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American Food | Manolo's Food Blog - Part 10
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The once and future (shrimp and petroleum) queen

First, hello there, Manolophiles. I’m Katie. I love the food. I love the drink. I like to write about it.

And so we’re off.

A recent New York Times article reminded me of a reporting trip I took to New Orleans several years ago. While I was ostensibly in the Big Easy to investigate issues in education, all trips to N’awlins are really at their heart about food. So I ate, and ate, and when I had the weekend off, I rented a car, traveled further into Cajun country and ate some more.

Then, I stumbled across this…

Why, it was the 72nd Annual Shrimp and Petroleum Festival!

As a lover of shrimp and a user of petrol, there was no question that I had to stop and partake.

And so, I watched the crowning of the Shrimp and Petroleum Queen.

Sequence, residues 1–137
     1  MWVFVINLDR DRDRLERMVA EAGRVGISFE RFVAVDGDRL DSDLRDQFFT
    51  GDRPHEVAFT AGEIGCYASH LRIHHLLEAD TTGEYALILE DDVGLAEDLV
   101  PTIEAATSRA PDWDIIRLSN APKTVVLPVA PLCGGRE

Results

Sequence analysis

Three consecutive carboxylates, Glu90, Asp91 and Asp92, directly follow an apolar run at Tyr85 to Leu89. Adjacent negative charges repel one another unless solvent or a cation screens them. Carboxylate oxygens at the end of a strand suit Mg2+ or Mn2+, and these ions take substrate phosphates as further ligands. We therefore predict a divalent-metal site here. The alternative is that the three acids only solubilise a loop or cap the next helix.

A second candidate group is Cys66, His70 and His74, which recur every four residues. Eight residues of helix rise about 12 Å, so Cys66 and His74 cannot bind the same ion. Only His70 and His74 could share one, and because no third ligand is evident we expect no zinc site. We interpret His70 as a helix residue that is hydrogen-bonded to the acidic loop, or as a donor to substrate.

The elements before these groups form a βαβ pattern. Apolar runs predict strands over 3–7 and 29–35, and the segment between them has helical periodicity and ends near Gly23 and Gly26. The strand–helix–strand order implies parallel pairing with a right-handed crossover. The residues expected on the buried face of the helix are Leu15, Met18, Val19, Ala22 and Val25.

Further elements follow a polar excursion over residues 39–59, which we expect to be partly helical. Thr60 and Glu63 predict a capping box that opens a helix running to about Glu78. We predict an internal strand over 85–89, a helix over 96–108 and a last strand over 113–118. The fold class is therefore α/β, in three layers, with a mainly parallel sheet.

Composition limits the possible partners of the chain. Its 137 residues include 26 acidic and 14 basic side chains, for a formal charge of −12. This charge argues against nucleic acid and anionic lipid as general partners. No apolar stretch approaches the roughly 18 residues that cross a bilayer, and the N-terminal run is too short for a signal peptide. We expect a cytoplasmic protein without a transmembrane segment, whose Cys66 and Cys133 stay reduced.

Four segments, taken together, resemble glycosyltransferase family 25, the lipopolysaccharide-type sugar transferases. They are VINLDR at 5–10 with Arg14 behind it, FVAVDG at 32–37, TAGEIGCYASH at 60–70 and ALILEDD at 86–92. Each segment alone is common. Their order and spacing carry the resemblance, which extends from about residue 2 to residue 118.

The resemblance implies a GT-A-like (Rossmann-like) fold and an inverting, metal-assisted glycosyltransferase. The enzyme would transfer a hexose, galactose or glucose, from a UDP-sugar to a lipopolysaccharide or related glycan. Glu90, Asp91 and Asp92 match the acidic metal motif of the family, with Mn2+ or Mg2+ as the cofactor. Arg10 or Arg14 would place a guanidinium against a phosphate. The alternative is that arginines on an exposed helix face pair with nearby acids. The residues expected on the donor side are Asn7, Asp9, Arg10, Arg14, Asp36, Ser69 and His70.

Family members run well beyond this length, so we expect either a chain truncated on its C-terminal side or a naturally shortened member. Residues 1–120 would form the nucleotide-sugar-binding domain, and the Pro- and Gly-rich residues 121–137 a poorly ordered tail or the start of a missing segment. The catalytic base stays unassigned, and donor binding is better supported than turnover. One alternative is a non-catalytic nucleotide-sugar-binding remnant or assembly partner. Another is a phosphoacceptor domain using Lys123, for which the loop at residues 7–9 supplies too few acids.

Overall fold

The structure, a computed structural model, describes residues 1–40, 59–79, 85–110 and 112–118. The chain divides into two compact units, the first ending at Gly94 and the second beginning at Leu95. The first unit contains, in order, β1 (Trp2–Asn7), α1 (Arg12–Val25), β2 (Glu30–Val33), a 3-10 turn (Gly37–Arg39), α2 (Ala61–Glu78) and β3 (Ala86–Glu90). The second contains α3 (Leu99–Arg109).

I ate some shrimp.

I ate some more shrimp. Fried and skewered, this dish featured a more traditional pairing of oil and crustacean.

At the time, the combined celebration of two key Louisiana industries amused and perplexed. Now the troubled feeling in my belly that emerges as I think about the festival is not merely from too much deep fried fun.

But the people of Morgan City, LA, home of the Shrimp and Petroleum Festival, which will celebrate its 75th anniversary this September, are not letting the recent spill stop them. And who am I to judge? Unless, of course, said judging is of the festival’s beauty pageant, in which case, I’m partial to Miss Louisiana Crawfish Queen, who I believe has the experience necessary to wear the Miss Shrimp and Petroleum crown with style.